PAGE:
The Planning Commission on Monday, April 3, considered a request for a request for a permit to allow outdoor dining at Marina Café, a Main Street coffee/desert shop. However, commissioners expressed concern about pedestrian congestion near the shop and asked the applicant to come back with a new plan.
Planners voted unanimously to continue the hearing to May 1.
During the public hearing, representatives of Watson and Associates (owners of the building in which Marina Cafe is located), asked planners to approve the request.
Resident Marc Loopesko, however, said the bigger issue was Main Street itself. Loopesko urged planners to delay a vote on the issue, saying the City Council needs to make a decision about outdoor dining.
However, in response to a question from District Four Commissioner Patty Campbell, Seal Beach Community Development Director Alexa Smittle said the council was not working on the Main Street Specificc Plan. According to Smittle, the council is working on other priorities.
Multiple commissioners argued that the seating plan was too aggressive.
“I simply don’t like this drawing,” said District Three Commissioner Richard Coles, referring to a drawing of the proposed seating plan.
Some commissioners questioned the accuracy of the drawing.
Campbell said the proposal was too over-built. She said it was a great idea, but too much for the area.
District Five Commissioner Margo Wheeler asked applicant Joseph Kirolos to come back with a better plan. He agreed to come back in a week so the commission could continue the matter by May 1. (According to Assistant City Attorney Amy Greyson, the city would not have to publish another legal notice of the hearing if the commission continued the matter to a specific date.)
“The applicant, Joseph Kirolos, owner of the Marina Café is seeking a Minor Use Permit to allow an outdoor (sidewalk) dining and seating area in conjunction with the coffee house/dessert shop. The shop currently operates daily from 9:00 am to 7:00 pm.
“The Marina Café has been in operation since 2020, and currently has no indoor or outdoor seating for their customers, making it the only known coffee house/desert shop along Main Street without patron seating,” according to the staff report by Associate Planner Marco Cuevas Jr. and Community Development Director Alexa Smittle.
“The applicant is proposing to install a total of 12 seats and two tables along the sidewalk within an area that measures 24 feet in length, 44 inches in depth, totaling 87 square feet, and situated between two tree wells,” Cuevas and Smittle wrote.
“The outdoor dining/seating is proposed as a tall bar style table with nine stools, while the second adjoining dining/seating area is proposed as a low table intended to accommodate a chair and up to two wheelchairs,” Cuevas and Smittle wrote.
“The proposed space allows for more than 12 inches of pullout space for the stools and a chair, and is positioned 26 inches off the curb, with at least 12 inches clearance between the bar, table, and tree wells. A distance of 71 inches will be maintained between the building and the outdoor seating area for continued use as the sidewalk aisle for pedestrians passing by,” Cuevas and Smittle wrote.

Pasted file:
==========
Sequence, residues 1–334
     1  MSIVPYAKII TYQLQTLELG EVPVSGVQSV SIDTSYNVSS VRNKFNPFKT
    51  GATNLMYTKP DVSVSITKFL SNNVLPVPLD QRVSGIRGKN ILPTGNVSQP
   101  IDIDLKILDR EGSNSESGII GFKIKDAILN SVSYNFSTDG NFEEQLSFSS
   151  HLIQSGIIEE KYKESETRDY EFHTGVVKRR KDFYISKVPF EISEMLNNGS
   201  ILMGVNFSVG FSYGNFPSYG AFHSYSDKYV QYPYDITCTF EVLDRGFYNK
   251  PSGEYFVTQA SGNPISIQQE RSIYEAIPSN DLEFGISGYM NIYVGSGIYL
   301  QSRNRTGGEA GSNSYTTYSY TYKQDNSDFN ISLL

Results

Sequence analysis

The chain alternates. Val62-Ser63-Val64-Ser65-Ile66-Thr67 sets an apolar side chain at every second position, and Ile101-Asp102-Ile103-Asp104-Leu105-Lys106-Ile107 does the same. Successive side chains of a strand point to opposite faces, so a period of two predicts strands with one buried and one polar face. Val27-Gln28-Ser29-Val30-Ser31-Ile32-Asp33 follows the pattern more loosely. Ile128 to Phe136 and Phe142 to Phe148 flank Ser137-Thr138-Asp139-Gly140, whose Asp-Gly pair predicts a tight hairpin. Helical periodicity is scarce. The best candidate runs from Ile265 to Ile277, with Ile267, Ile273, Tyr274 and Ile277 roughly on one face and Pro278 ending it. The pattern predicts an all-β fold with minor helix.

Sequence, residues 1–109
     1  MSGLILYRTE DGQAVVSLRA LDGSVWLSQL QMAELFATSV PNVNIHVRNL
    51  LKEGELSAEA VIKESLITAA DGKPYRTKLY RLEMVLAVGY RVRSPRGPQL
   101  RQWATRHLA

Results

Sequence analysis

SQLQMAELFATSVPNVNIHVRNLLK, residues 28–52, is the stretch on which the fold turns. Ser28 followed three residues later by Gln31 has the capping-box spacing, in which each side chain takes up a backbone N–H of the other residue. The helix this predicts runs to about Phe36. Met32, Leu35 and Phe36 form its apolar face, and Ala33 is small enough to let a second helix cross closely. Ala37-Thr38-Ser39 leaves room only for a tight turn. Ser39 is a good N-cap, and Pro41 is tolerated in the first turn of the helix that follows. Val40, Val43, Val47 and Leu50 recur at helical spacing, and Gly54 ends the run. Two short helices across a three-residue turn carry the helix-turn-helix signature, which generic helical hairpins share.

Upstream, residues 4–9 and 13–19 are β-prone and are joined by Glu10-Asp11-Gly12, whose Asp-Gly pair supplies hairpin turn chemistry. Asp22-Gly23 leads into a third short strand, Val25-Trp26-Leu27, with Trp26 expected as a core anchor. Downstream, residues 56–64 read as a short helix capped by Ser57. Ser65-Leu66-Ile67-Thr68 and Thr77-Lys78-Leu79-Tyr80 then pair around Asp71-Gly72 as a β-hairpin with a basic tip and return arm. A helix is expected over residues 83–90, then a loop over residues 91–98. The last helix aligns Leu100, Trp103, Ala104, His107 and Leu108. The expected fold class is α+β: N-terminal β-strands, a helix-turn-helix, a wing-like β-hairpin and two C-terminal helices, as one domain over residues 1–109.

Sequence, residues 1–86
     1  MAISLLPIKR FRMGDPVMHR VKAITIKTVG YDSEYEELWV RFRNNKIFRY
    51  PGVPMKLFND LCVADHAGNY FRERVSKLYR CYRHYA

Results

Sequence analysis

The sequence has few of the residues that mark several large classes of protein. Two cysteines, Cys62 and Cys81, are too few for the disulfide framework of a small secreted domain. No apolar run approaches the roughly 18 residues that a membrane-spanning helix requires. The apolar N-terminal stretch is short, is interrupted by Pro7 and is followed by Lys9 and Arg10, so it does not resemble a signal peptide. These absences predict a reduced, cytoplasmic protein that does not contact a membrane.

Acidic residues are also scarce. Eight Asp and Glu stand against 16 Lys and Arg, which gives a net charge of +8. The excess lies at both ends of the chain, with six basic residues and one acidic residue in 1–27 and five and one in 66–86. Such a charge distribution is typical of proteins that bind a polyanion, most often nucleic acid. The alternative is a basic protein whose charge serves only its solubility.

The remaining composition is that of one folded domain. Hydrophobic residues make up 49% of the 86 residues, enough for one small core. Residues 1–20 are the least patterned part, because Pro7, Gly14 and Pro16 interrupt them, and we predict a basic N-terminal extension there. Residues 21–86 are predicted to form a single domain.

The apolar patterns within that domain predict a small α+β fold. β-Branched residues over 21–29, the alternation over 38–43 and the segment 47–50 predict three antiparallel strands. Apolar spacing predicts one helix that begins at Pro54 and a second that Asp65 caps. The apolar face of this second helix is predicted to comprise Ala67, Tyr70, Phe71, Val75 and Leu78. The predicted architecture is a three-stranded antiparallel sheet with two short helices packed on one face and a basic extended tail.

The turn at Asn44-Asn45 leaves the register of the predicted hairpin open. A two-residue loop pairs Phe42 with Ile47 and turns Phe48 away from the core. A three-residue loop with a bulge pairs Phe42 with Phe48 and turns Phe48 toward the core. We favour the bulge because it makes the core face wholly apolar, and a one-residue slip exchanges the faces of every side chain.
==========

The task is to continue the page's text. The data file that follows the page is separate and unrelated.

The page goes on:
“The Seal Beach Public Works Department has reviewed this request and does not object to the establishment’s outdoor dining and seating area, so long as consumption is maintained within the subject designated area and does not encroach onto the sidewalk aisle, street parking, or other public areas,” Cuevas and Smittle wrote.
“A visual cue in the form of a floor marking shall be maintained to the satisfaction of the Community Development Department, which shows the separation between the outdoor seating area and the sidewalk aisle. The applicant will be responsible for making sure the sidewalk aisle in front of the coffee house/desert shop is maintained free of obstructions, including seats, a-frame signs, or customers congregating,” Cuevas and Smittle wrote.
“The proposed use of outdoor dining and seating areas is consistent with the General Plan Service Commercial Land Uses definition which encourages commercial areas to provide a broad range of retail and service needs for the community,” Cuevas and Smittle wrote.
“In addition, outdoor dining is generally permitted in conjunction with legally established coffee house/desert shop and other food service uses as an accessory and incidental use to a coffee house/desert shop,” Cuevas and Smittle wrote.
However, according to the report, the Main Street Specific Plan requires a minor use permit is required.
“The project site is adequate for the proposed use as the primary use of the building remains a restaurant use; the installation of the outdoor dining and seating area will invite patrons to enjoy their purchases within an area that experiences a low level of utilization,” Cuevas and Smittle wrote.
“The proposed resolution incorporates a condition requiring participation in the Main Street In-Lieu Parking Program by payment of the applicable in-lieu parking fee for one space prior to issuance of an occupancy permit for the outdoor dining and seating area,” Cuevas and Smittle wrote.